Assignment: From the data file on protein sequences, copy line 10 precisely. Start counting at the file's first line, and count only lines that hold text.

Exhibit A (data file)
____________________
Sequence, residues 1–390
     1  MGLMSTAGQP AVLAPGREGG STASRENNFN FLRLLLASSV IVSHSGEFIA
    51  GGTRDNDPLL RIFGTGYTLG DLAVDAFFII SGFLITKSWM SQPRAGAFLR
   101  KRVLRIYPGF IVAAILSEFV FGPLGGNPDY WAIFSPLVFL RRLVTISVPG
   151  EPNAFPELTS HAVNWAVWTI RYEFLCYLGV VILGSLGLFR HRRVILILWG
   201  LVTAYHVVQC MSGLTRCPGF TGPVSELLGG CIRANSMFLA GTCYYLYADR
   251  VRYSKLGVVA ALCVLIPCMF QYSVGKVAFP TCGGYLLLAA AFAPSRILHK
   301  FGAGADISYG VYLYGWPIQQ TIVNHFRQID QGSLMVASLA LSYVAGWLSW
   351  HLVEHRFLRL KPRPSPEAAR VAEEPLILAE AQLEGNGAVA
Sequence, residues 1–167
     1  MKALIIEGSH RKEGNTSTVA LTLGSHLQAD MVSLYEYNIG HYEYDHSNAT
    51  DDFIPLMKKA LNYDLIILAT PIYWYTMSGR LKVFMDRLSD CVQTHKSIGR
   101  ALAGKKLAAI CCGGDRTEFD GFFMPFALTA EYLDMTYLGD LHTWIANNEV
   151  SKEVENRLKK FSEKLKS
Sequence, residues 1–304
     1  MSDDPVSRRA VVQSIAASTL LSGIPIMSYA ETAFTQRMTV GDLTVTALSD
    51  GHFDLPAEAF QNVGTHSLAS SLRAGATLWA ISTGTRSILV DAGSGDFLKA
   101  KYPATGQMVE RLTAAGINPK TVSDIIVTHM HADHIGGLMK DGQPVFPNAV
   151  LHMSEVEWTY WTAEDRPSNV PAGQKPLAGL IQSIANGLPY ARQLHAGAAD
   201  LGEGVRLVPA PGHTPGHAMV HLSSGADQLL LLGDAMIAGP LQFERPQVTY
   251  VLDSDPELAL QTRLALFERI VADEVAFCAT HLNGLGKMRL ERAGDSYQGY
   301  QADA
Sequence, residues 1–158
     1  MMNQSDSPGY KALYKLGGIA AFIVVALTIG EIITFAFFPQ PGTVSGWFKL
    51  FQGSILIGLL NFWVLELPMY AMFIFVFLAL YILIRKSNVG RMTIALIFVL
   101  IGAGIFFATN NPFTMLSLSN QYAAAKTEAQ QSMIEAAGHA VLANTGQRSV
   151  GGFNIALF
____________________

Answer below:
Sequence, residues 1–167